In March 2007 the three universities of Bochum, Dortmund and Duisburg and Essen founded the University Alliance Metropolis Ruhr, which is modelled on the University of California system.
The University of Duisburg-Essen today has twelve faculties, listed below:
- Faculty of Humanities
- Faculty of Social Sciences
- Department of Educational Sciences
- Faculty of Art and Design
- Faculty of Business Administration and Economics
- Mercator School of Management - Faculty of Business Administration
- Faculty of Mathematics
- Faculty of Physics
- Department of Chemistry
- Department of Biology and Geography
- Faculty of Engineering
- Faculty of Medicine
Central scientific institutes
- Centre for Nanointegration Duisburg-Essen (CeNIDE)
- German-French Institute for Automation and Robotics (IAR)
- Erwin L. Hahn Institute for Magnetic Resonance Imaging
- Essen College of Gender Studies (EKfG)
- Institute for Experimental Mathematics (IEM)
- Institute for East Asian Sciences (IN-EAST)
- Institute for Advanced Study in the Humanities
- Centre for Logistics and Transport (ZLV)
- Centre for Medical Biotechnology (ZMB)
- Centre for Water and Environmental Research (ZMU)
- Centre for empirical research in education (ZeB)
- German Textile Research Centre North-west (DTNW)
- Development Centre for Ship Technology and Transport Systems (DST)
- Asia-Pacific Economic Research Institute (FIP)
- Institute of Energy and Environmental Technology (IUTA)
- Institute of Mobile and Satellite Communication Technology (IMST)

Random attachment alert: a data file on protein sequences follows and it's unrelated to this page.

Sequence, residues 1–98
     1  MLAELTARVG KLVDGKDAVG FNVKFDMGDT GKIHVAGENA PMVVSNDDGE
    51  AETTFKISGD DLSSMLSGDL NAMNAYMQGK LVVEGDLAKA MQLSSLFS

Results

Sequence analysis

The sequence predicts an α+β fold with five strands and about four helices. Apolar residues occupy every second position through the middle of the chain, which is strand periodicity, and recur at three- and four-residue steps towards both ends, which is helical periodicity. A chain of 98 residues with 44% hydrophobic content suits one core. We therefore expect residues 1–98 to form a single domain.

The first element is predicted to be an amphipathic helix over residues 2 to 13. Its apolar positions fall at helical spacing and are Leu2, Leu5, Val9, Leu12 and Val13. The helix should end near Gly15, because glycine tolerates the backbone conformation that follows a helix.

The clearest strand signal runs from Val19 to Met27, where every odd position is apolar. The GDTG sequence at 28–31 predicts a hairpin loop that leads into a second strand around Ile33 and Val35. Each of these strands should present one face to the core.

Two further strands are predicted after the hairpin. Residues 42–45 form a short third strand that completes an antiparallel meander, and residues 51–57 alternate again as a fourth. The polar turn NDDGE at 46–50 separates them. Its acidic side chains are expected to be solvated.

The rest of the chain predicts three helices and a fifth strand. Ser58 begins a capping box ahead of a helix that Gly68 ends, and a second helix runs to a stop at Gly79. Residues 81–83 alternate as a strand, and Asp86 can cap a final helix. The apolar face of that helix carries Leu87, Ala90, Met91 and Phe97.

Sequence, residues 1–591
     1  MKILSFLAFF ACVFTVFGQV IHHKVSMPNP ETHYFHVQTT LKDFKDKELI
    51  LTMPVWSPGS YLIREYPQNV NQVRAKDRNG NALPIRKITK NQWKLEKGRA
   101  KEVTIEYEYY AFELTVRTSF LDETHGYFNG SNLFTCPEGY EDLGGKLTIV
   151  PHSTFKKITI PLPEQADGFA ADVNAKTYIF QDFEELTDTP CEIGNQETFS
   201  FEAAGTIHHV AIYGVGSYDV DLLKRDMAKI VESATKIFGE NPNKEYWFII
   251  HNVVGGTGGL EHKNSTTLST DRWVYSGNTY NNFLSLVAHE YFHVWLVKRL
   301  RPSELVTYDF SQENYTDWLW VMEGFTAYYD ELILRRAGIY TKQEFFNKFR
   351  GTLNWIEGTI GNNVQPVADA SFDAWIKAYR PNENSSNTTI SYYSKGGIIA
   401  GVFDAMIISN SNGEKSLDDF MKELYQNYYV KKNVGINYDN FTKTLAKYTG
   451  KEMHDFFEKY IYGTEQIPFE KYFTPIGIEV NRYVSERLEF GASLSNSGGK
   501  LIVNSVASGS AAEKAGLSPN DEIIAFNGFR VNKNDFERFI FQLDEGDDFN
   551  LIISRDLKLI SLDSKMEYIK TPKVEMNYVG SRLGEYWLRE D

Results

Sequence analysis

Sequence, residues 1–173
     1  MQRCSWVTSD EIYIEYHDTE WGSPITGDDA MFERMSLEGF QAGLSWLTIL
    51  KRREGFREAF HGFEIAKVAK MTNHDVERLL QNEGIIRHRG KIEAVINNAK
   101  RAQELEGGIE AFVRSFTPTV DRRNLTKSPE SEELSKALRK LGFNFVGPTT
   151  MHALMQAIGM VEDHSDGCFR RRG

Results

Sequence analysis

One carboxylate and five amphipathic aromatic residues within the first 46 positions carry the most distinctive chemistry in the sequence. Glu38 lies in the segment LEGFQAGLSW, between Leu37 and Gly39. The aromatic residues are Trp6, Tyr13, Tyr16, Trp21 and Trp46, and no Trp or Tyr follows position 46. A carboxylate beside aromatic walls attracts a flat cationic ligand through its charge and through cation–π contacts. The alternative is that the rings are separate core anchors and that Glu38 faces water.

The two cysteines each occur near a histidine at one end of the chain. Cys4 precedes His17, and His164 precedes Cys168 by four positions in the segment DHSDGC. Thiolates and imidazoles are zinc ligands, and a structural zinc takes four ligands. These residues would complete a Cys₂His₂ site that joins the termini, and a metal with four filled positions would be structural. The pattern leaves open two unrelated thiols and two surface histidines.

- Institute for Prevention and Health Promotion (IPG)
- Institute of Science and Ethics (IWE)
- IWW Water Centre (IWW)
- Rhine-Ruhr Institute for Social Research and Political Consulting (RISP)
- Salomon Ludwig Steinheim Institute for German-Jewish History (StI)
- Centre for Fuel Cell Technology (ZBT)
The University of Duisburg-Essen awards the Mercator-Professur to individuals who are well known for their social and scientific engagement. So far, recipients of the Mercator-Professur have been:
- 1997: Hans-Dietrich Genscher, politician (FDP), former Foreign Minister and Vice Chancellor of the Federal Republic of Germany
- 1998: Siegfried Lenz, writer
- 1999: Jan Philipp Reemtsma, literary scholar.
- 2000: Jutta Limbach, jurist and politician (SPD)
- 2001: Volker Schlöndorff, filmmaker.
- 2002: Ulrich Wickert, journalist, chief anchor for tagesthemen
- 2003: Daniel Goeudevert French writer, management consultant.
- 2004: Walter Kempowski, writer.
- 2005: Richard von Weizsäcker, politician (CDU), former President of the Federal Republic of Germany.
- 2006: Necla Kelek, social scientist
- 2007: Hanan Ashrawi, legislator, activist, and scholar
- 2008: Christiane Nüsslein-Volhard, biologist, winner of the Nobel Prize in Physiology or Medicine
- 2009: Peter Scholl-Latour, journalist and publicist
- 2010: Alice Schwarzer, publisher and feminist
- 2011: Udo Di Fabio, former judge of the Federal Constitutional Court
- 2012: Wolfgang Huber, Bishop, former Chairman of the Council of the EKD
Points of interest
- 30 Jahre Universität Essen (Essener Universitätsreden, Heft 10, Akademisches Jahr 2001/02), Universität Essen 2002 (Beiträge aus der Vortragsreihe „Wurzeln der Universität“)
- Claus Bussmann, Holger Heith: Chronik 1972-1997. Chronik der ersten 25 Lebensjahre der Gerhard-Mercator-Universität/GH Duisburg, die als Gesamthochschule Duisburg das Licht der Welt erblickte, Duisburg 1997, ISBN 3-00-001433-0
- Dieter Geuenich, Irmgard Hantsche (Hrsg.): Zur Geschichte der Universität Duisburg 1655-1818 (Duisburger Forschungen 53), Duisburg 2007
- Helmut Schrey: Die Universität Duisburg. Geschichte und Gegenwart. Traditionen, Personen, Probleme, Duisburg 1982, ISBN 3-87096-166-X
|Commons has media related to Universität Duisburg-Essen.|
- Official website of the University of Duisburg-Essen (English)
- Official website of the University of Duisburg-Essen (German)
- University of Duisburg-Essen Academic Liaison Office, USA (English)
- UAMR - University Alliance Metropolis Ruhr (English)